A subset of a metric space is called a Чебышёв (Chebyshev) set if for every there exists such that for all . In words, for each point of the space there is a well-defined nearest point of . We can then define the nearest point projection by sending to . This is consistent with the notion of orthogonal projection onto a subspace of a Euclidean space. More generally, every closed convex subset of a Hilbert space is a Чебышёв set. Whether the converse is true is unknown. It’s been proved in finite dimensions and in some other special cases, such as for weakly closed sets. (Yes, being weakly closed is a stronger property than being closed…)
There isn’t much one can prove about Чебышёв sets in general metric spaces. They must be closed, and that’s about it. Let’s specialize to being a real Banach space, and a closed subspace thereof. There are two ways in which could fail to be Чебышёв:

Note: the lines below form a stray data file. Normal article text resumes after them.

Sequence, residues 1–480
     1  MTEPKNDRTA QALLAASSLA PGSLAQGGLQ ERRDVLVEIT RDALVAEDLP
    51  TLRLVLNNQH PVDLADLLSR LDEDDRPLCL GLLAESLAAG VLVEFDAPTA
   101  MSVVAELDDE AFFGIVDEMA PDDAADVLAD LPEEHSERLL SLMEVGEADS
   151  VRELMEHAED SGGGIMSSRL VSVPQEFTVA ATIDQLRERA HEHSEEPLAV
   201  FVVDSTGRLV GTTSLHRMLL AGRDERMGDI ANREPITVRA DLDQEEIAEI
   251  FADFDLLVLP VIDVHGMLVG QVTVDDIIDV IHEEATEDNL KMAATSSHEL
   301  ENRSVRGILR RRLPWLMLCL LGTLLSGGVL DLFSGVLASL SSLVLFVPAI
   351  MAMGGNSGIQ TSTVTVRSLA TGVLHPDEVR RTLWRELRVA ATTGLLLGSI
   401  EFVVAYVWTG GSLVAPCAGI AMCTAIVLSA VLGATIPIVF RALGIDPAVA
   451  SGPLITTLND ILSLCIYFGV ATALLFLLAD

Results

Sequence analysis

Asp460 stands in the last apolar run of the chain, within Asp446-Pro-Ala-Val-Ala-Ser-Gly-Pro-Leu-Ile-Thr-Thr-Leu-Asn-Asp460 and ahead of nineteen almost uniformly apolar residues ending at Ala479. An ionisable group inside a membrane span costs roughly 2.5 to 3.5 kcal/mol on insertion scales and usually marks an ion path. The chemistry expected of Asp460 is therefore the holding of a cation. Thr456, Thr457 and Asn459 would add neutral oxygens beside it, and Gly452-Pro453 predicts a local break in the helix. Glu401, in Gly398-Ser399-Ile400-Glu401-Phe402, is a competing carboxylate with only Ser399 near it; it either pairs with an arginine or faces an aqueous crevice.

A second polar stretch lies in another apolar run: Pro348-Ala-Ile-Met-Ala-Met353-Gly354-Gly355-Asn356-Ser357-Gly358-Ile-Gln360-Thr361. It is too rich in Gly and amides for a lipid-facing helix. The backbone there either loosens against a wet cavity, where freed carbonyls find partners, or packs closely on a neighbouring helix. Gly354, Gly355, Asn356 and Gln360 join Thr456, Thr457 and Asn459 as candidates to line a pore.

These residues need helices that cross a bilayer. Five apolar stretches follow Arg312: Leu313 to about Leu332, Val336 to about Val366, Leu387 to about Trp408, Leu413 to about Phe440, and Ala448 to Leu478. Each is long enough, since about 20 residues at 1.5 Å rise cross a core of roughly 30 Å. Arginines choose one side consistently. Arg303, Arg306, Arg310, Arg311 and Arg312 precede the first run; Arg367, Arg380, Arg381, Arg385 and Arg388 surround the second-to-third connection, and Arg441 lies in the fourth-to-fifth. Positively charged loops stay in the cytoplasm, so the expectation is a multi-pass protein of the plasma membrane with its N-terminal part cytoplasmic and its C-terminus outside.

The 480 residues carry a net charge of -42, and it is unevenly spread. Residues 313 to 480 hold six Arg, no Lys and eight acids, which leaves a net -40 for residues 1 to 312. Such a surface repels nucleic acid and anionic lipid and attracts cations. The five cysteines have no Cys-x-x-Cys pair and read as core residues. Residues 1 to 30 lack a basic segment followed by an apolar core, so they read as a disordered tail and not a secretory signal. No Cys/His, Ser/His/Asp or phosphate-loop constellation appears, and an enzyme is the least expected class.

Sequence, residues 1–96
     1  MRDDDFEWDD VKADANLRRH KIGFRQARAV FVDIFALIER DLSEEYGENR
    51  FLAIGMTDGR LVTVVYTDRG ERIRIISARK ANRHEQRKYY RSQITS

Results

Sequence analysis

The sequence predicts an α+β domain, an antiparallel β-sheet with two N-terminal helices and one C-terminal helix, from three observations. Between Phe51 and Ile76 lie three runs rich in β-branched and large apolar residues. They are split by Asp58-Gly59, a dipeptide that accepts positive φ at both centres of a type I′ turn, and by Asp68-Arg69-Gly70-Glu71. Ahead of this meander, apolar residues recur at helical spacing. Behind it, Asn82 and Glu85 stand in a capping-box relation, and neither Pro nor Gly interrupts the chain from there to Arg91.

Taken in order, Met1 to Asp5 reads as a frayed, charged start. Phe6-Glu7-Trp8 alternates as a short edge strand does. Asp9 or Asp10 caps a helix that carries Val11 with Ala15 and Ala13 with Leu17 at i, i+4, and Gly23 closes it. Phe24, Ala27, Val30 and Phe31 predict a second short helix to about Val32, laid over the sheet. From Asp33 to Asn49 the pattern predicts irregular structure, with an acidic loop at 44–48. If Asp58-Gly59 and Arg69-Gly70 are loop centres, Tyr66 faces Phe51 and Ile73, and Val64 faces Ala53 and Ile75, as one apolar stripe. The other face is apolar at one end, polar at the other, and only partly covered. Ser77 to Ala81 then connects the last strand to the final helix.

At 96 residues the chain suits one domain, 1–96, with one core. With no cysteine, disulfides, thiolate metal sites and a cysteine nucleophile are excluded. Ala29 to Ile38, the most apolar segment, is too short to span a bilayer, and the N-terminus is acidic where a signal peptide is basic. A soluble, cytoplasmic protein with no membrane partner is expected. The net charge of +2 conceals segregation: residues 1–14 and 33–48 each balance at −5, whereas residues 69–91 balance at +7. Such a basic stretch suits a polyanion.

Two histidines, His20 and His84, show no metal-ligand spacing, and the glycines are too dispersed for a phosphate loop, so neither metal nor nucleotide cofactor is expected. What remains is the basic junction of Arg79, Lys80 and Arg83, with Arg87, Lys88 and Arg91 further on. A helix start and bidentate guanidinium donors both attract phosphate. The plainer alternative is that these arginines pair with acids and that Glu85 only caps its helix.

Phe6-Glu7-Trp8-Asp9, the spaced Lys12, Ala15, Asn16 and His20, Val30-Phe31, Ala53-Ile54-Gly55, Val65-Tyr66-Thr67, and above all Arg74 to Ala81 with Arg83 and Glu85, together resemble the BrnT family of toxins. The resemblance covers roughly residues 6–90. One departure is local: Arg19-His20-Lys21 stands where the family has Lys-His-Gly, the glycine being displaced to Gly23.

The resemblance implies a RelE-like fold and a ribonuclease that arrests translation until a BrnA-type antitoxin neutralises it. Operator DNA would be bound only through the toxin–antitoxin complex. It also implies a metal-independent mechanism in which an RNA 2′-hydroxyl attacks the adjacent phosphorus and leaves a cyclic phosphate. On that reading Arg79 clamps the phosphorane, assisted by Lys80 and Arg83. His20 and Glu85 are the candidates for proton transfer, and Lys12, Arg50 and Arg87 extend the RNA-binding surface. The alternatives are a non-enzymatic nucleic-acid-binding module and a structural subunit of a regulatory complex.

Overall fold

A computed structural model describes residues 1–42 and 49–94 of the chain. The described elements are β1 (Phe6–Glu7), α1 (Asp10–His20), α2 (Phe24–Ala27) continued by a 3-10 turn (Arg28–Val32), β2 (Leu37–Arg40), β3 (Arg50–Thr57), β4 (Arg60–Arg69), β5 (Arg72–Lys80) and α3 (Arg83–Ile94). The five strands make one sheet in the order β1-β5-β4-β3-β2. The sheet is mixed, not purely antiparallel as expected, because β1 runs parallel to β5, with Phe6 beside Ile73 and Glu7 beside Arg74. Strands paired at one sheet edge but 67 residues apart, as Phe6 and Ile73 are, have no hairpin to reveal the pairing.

- the infimum is attained for more than one point .
- the infimum is not attained at all.
Examples of the first kind are easy to produce. Let be the plane with the taxicab norm . The point is at distance from the line , and this distance is realized by any point with .
It’s also easy to see exactly how we can avoid such examples: assume that the space is strictly convex, i.e., its unit sphere does not contain any line segments.
Examples of the second kind are not as simple. To attain the infimum, it suffices to find a cluster point of a minimizing sequence . So if the space is reflexive, we can use the weak compactness of closed balls [note in passing: weak compactness is weaker than compactness] to obtain a weakly convergent minimizing sequence. Its limit also belongs to and minimizes the distance.
The converse is also true: if every closed subspace is Чебышёв, then is reflexive. Indeed, by the James theorem every non-reflexive space has a linear functional that is not norm-attaining, that is, for all . Let . I claim that has no nearest points to any point .
Fix a point and suppose that is the corresponding nearest point. We may assume . Since , there exists a unit vector such that . The vector belongs to and , a contradiction.
For a concrete example, take and . One can check that the unit vector has , and this distance is not attained. The sequence has , but contains no weakly convergent subsequence. Its weak* limit is , which is outside of . Like this:
Just as the name Чебышёв has no nearest point projection onto the Latin alphabet.